Knowing how to do all of these things effectively is a skill learned through training and practice. If you are a business owner, a lot of time could be spent learning a skill that is not directly related to running your business. Time spent away from customer interactions or perfecting your products and services. One might lose money, while trying to save money on a video production, only to create something that won’t effectively represent the quality of the business.

When you hire a professional, you are hiring someone who understands how to frame and light the video effectively. Someone who is able to capture quality audio, and direct the subject to deliver sentences that are clear and concise. A professional knows how to take key elements and edit them together in an engaging story that will attract attention and adhere to branding quality.

How do you know when to hire a professional or to do it yourself? It depends on what type of video is needed. Are you communicating frequent, short, bits of information to an informal audience? The DIY approach is perfect for you. Are you creating a video that will represent your personal brand or sell a product? Hiring a professional will ensure your video will be viewed and shared with the respect of a quality brand. Make sure to take the time and evaluate the purpose and desired audience of the video before making the decision.

Virtual Reality

I may have been absent from my website, but I have not been idle in “RL”. That’s “Real Life” for those who don’t know.
Learning new skills and keeping up with the technological trends is a must in most industries. For me, getting excited about new camera specs is not high on my list, though I have been known to geek out on occasion.
My excitement always leans towards the visual. From there I can get excited about how to create what I see, which then leads to the specs…ANYWAY! My new visual excitement – Virtual Reality.

I was introduced to the world of Virtual Reality through the Occulus Rift headset. Here I dove into the world of 3D interactive space that was both familiar and new; if you are a reader of science fiction, you may remember worlds where virtual reality plays a major role in future societies. I’m not a first adapter in anything. So my original response was one of, “Is this the way of society now? Will we ever interact face to face? Are we losing valuable connection through this new form of entertainment?”

Having no experience in programming and several years separation from any real gaming I found myself intrigued but doubtful about this new medium. Then I discovered VR in 360 degrees, or 360 video. This is not the 3D space created primarily for gaming, but a way to watch a constructed story with a 360 degree immersive video. Through classes and dialogue with fellow creatives, my view shifted.

Virtual Reality is not a way to remove oneself from society even further, but a tool to bring people even deeper into worlds they may normally see as an impossibility. Not only that, but it’s newness on the market and in entertainment makes it the perfect space to experiment. There is no wrong way to do anything, there is only learning and growth.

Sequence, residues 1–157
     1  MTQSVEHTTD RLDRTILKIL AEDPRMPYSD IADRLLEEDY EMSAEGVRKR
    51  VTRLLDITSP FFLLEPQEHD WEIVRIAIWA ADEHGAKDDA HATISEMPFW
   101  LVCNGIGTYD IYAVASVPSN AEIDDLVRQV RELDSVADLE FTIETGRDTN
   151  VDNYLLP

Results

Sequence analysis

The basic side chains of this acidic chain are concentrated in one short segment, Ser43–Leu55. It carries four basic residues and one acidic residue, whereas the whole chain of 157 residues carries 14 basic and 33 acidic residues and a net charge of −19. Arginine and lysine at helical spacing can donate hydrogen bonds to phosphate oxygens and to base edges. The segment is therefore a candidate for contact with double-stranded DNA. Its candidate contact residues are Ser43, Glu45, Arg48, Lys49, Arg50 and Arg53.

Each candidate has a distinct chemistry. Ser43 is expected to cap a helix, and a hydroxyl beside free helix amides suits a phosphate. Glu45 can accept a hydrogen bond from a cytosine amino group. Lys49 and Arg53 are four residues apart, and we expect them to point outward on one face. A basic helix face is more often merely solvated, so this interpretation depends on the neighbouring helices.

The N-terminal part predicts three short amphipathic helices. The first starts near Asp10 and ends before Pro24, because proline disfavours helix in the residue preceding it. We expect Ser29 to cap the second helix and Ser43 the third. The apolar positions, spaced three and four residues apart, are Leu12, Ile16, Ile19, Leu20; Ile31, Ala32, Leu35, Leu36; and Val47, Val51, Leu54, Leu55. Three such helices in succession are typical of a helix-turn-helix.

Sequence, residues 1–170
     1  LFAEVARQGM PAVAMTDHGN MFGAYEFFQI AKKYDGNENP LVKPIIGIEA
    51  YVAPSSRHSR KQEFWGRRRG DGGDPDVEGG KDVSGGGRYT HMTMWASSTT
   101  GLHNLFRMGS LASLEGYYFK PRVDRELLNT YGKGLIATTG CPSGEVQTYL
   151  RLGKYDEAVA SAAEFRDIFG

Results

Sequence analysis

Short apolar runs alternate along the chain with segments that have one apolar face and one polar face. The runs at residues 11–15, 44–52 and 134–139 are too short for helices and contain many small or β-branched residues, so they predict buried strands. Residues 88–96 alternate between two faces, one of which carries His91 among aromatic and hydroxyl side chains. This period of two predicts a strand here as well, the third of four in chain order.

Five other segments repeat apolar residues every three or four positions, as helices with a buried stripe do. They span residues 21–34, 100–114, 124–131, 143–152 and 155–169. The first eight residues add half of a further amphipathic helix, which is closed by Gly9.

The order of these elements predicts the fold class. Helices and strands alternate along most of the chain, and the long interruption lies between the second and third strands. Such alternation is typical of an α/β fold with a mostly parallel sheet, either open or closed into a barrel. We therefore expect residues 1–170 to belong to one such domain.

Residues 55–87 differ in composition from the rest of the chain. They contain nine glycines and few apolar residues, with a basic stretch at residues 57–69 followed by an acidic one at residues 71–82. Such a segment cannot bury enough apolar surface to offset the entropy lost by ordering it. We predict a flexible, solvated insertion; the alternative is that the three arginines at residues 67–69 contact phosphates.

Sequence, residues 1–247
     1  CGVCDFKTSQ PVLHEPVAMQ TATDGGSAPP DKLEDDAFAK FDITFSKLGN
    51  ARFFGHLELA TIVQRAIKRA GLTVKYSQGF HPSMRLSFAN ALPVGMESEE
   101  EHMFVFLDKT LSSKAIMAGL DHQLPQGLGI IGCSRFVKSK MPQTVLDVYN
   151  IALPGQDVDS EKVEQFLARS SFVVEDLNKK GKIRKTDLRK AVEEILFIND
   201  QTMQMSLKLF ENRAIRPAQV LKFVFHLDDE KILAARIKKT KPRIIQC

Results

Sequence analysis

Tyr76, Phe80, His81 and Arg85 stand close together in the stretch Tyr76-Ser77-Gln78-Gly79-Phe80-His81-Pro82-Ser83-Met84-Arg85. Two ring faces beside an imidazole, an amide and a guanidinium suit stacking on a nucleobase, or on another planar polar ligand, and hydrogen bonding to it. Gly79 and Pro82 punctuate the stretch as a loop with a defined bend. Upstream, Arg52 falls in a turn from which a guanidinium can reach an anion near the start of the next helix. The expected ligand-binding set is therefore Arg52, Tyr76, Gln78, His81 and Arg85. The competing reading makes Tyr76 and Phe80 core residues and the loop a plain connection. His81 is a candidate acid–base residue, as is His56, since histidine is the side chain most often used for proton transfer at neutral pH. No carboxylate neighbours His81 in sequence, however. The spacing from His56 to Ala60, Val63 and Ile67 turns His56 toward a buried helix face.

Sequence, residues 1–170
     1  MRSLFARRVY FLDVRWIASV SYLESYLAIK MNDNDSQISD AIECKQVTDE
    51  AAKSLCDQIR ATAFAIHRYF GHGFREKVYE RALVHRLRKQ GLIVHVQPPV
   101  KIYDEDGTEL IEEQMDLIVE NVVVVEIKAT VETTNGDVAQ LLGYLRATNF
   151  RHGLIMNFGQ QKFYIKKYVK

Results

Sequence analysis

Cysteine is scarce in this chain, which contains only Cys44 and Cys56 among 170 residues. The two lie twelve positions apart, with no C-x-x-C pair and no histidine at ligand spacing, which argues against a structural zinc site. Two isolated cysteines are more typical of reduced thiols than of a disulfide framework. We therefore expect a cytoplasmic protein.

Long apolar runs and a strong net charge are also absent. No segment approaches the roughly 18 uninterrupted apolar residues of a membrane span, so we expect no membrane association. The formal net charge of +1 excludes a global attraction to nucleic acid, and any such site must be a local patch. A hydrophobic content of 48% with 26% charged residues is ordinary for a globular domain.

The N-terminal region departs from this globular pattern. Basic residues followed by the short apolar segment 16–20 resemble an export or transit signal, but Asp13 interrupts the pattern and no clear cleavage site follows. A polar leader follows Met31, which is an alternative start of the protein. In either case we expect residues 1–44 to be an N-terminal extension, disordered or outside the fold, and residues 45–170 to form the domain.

So, now I find myself looking around my world, thinking of stories and ways to use this new technology to bring my clients, art and social and world issues into this new medium. I’m so excited and inspired.

Have some ideas? Want to chat about what VR means to you? I’d love to chat!

Traveling and Landscapes

Sometimes a break from the City is very important. Nature helps me to recharge, relax and absorb what is really important: Myself!

I mean that with all seriousness. If we don’t focus on keeping our minds and bodies fresh everything suffers; work, relationships, and above all creativity! Without my ability to bring a fresh mind and perspective to my work everything looks the same and improvements and growth freeze.

At the end of July I took a short road trip north to Portland, up to Washington, and back down to Crescent City. I saw beauty and heard nothing but the wind in the trees and the birds in the sky. The separation from the demands of the City let me slow down. I was also able to capture some landscape images for my 52 Week Challenge, so I will get back to producing some projects! I promise.

In the meantime make sure you make time for yourself. Step away from the computer and go outside, read a book, paint a picture. Just make sure that you are doing it for yourself.

Alexis Keenan

Alexis Keenan

Head Shot

I have not forgotten, nor have I been idle. The way of life says that once you begin projects of your own, other work floweth.

Additionally, I decided to enter a small film contest, so much of my spare time went to the entry. However, I was able to shoot the footage for Week 4: Head Shot Portrait. My good friend and her husband decided to move to Toronto. I was fortunate to be able to spend one last day with them and they were kind enough to be the subjects of this next piece. Enjoy!


This is week two of the video challenge I have decided to take on. Following the guidelines of Dogwoods 52 Week Challenge brings me to Landscape. However, I was super sick this last week and couldn’t get out of bed, let alone go for a walk to find a landscape. So, in my fuzzy sick head I developed my idea for week three, which is “Artistic: Red”. Just a minor little week swap.

Making Art

I did it again. I dropped the blogging ball. I am back and here to stay, for the next 52 weeks at least!

Lately, as a business owner, I’ve found that I’ve been so bogged down with the day to day needs of my business that I have lost track of what propels me through life. Art.
Emails, meetings, accounting, marketing all seemed to take over – which is the life of running a business, but I have felt there is something missing. A lack of purpose.

Last week I went to the beach with my friend and photographer Jennifer Winfrey. Jennifer was on a mission to make some art. She used me as her model and I enjoyed watching her move through the process of gathering the images necessary to make something beautiful.

Sometimes you need someone to shake you and remind you to pull yourself out of the day to day and make that time and space to create something fresh and new and just for you. This blog, for the next 52 weeks is going to be dedicated to a video project following the guidelines of Dogwood 52 weeks of Photography. I will be applying the same prompts to video and I’m excited to see how I will grow as an artist in the process.